How much is Jenrry Mejia’s sports hernia affecting his pitching?

In early August, Mets closer Jenrry Mejia said he had been pitching through pain – due to a sports hernia – for three weeks (ESPN, Aug. 10). There is less than two weeks left to the 2014 season and – considering how the Mets handled David Wright‘s nagging shoulder injury – should they also consider shutting their young closer down for the remainder of the season?


Ben Berkon, MetsBlog Contributor: “Dear Mr Mejia, I pitched with sports hernia in 2010, results will not get better because you won’t be able to finish your pitches,” former Mets reliever Tim Byrdak recently said on Twitter (Byrdak, Aug. 10).

Nevertheless, despite the injury, and despite beginning the year as a starting pitcher, the 24-year-old Mejia has had consistent success out of the bullpen. To date, he has a 2.98 ERA, a park-adjusted 3.36 xFIP, and 2.95 strikeouts-to-walks ratio with 26 saves since May 12. And, aside from a mild 1.61-point increase in his ERA since July 22, which is when I assume he started feeling pain, Mejia’s peripherals have been relatively stable.

In fact, his zone (pitches thrown within the strike zone), whiff, and line drive rates have all been on par with the pre-injured version of himself.


Time Zone% Whiff% LD%
Pre-Injury (5/12-7/18) 39.1 13.4 25.0
Post-Injury (7/22-9/15) 39.4 13.9 26.0

However, Mejia’s already solid 45 percent ground-ball rate has spiked to an elite 57.9 percent level. Given the 12.9 percent bump in grounders, is it possible Mejia is actually pitching better with the sports hernia?

It’s difficult to pinpoint for sure, but according to Bleacher Report’s injury expert Will Carroll, pitchers do tend to compensate for pain.


​“There will be some adjustment,” Carroll said in an email interview. “Any adjustment could create problems both of force and control.”

In Mejia’s case, the reliever seems to have made positive adjustments.

According to FanGraphs, his change up has accounted for 67.9 percent of his induced ground balls in 2014. And whether it’s a coincidence or not, his change up’s release point has noticeably differed since July 22. His change up’s movement has also changed. Arm slot affects movement, as Matt Lentzer once pointed out at The Hardball Times – so in Mejia’s case, while unique given his injury, it isn’t surprising on the surface. According to Brooks Baseball’s movement charts, Mejia’s change up has been dipping (vertical) at about 1.67-inches more on average since May. Mejia’s change up has also steadily moved more toward the right of the strike zone, from the catcher’s perspective (horizontal).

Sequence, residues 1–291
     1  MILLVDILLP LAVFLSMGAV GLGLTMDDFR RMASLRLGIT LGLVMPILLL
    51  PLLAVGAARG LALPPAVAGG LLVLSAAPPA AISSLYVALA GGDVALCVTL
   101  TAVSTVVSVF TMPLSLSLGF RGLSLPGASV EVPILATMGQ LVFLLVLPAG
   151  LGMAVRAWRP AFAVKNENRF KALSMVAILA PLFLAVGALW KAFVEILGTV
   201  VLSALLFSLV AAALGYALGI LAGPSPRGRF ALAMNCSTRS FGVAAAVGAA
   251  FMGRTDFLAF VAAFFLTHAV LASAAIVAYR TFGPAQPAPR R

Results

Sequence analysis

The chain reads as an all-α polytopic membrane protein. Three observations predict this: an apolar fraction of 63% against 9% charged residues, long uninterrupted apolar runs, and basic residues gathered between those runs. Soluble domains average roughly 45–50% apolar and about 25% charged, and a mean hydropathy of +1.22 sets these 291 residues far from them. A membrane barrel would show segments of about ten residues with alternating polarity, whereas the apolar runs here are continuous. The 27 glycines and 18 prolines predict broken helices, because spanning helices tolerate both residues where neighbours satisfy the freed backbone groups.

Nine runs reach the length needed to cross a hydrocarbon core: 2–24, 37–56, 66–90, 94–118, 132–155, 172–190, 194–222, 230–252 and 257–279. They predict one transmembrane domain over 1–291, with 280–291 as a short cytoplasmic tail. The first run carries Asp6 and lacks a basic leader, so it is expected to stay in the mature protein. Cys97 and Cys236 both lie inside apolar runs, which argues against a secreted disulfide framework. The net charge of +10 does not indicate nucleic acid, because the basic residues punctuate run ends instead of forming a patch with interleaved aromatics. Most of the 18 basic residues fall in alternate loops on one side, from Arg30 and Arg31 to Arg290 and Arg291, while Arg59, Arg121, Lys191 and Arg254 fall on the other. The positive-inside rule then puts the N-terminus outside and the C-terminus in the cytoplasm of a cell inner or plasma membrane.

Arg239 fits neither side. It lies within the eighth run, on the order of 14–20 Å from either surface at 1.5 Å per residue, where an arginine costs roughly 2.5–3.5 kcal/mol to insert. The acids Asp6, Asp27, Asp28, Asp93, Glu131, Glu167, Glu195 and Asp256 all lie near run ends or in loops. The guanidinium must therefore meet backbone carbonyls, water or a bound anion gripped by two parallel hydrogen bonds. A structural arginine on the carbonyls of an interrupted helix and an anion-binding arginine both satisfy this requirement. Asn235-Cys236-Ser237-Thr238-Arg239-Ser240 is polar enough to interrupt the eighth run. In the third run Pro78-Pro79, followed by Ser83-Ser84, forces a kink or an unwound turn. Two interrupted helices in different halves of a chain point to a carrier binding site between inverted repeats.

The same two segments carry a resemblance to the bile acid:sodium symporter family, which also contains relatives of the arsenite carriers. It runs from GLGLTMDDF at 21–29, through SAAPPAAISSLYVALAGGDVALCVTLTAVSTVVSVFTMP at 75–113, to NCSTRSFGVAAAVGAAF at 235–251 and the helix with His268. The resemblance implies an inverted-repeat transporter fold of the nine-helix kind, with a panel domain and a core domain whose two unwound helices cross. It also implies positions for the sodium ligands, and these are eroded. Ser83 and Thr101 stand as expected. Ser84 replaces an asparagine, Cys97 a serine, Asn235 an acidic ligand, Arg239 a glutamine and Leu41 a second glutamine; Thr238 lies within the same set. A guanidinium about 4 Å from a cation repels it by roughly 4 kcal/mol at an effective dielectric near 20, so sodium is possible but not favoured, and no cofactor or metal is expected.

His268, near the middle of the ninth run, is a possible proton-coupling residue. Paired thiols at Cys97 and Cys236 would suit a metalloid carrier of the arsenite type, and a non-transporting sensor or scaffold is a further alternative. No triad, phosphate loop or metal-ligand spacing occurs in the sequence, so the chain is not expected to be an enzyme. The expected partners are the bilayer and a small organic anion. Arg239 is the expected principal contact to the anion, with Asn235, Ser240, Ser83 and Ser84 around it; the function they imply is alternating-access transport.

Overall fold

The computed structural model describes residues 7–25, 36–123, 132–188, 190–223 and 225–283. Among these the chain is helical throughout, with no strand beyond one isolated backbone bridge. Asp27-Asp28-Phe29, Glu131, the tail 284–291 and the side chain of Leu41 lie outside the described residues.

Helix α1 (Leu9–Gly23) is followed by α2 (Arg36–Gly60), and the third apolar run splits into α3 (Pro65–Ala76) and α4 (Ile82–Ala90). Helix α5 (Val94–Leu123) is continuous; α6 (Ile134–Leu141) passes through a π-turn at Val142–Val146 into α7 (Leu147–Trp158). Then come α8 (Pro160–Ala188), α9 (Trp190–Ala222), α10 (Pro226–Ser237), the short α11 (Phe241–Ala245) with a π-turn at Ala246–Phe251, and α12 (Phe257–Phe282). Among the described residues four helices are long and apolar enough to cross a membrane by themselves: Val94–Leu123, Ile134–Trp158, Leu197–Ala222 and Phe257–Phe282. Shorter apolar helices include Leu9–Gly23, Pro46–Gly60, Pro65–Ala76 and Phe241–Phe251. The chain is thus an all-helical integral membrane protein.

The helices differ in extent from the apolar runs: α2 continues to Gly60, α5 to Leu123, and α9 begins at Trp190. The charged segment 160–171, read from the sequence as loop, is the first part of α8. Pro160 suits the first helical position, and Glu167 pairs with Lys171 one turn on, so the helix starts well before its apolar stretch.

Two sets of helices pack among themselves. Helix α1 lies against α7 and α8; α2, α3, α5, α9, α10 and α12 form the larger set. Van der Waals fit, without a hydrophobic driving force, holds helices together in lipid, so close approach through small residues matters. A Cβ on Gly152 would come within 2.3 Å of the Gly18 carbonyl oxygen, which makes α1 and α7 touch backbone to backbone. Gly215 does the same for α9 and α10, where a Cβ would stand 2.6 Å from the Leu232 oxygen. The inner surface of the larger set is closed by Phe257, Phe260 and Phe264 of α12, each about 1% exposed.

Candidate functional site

Even though Mejia’s improved change up and ground-ball rate are noteworthy, more importantly, the Mets have to weigh whether continuing to let him pitch through pain is necessary. Unlike an elbow or shoulder injury, Carroll pointed out that sports hernias have a comparatively light surgical and recovery process.

​“Like many injuries, they can be managed,” Carroll said. “If he’s pain free and not changing his mechanics significantly [or for the worse], there’s usually no need to rush. The surgery is relatively simple, but has a six-week recovery period. Most pitchers (and players) that have had it come back well and with no complications.​”

Assuming Mejia’s pain is actually manageable – and his team’s medical staff has been closely monitoring his health – they could continue to use the reliever when needed. But, if you’re of the belief that players – specifically young pitchers – should not play through pain, then perhaps the Mets should be more proactive in a dwindling, insignificant season.